New Hampshire senators Kelly Ayotte (R) and Jeanne Shaheen (D) testify before the Judiciary Committee about the impact of heroin and prescription drug abuse and deaths on Jan. 27, 2016. The committee is working on several pieces of legislation that would assist states with abuse prevention and treatment and prosecution of those responsible for the recent spike in heroin and prescription drug overdose deaths. (Photo by Chip Somodevilla/Getty Images)

Congress is homing in on the issue of opioid abuse, which is no accident in a presidential year when the issue is especially acute in the first-in-the-nation contests in Iowa and New Hampshire.

In fact, it’s one of the only possible pieces of legislation that both parties may be able to agree on in what’s universally expected to be an unproductive Congress. Ironically, the rosier outlook for opioid abuse legislation is being driven by Republican and Democratic presidential contenders — who are sharing their personal stories about relatives with drug problems with concerned voters on the campaign trail.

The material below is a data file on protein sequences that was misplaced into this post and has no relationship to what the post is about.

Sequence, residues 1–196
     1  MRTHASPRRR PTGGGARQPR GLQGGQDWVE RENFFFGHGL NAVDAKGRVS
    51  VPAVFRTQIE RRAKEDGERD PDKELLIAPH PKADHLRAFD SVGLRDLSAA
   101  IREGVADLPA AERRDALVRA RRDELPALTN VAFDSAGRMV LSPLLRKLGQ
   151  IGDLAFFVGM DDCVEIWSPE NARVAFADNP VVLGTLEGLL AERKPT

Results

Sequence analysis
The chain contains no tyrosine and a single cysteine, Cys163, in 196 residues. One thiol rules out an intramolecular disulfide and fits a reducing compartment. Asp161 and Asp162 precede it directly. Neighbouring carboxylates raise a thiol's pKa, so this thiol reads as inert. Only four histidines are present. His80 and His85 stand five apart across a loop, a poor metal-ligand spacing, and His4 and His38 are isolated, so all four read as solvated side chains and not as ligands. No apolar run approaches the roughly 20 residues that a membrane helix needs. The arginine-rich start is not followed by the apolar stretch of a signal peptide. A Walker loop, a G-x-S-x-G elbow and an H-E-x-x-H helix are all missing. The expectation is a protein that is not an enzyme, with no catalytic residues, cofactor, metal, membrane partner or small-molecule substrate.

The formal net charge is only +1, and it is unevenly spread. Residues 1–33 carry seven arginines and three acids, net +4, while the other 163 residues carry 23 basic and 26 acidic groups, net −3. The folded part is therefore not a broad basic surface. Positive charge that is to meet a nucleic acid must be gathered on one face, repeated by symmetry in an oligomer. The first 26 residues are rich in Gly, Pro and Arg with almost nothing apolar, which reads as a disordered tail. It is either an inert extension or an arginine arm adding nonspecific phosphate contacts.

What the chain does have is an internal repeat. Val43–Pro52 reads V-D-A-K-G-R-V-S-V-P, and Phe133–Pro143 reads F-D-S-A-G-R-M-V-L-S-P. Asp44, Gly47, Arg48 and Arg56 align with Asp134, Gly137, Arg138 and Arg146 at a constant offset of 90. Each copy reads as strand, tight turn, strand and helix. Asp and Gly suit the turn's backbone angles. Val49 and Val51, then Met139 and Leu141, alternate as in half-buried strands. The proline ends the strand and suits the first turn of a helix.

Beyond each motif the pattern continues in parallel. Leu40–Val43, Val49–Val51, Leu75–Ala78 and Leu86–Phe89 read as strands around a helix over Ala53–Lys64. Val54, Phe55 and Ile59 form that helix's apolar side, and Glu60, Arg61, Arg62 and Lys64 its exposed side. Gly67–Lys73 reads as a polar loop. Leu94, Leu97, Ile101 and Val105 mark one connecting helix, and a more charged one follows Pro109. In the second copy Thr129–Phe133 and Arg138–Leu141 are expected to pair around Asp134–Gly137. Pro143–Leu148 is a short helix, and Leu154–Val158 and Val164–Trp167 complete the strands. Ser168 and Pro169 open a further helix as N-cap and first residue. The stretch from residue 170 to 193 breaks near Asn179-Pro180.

On the campaign trail, both Republicans and Democrats are addressing the epidemic by recounting their personal experience with relatives and others who have suffered from drug addiction.

With the Granite State presidential primary on Feb. 9, that state’s senators — Kelly Ayotte (R), who is up for reelection, and Jeanne Shaheen (D) — are among those leading the effort for more prevention, treatment and education about opioid abuse and to provide law enforcement officials the drugs that can keep an overdose from turning deadly.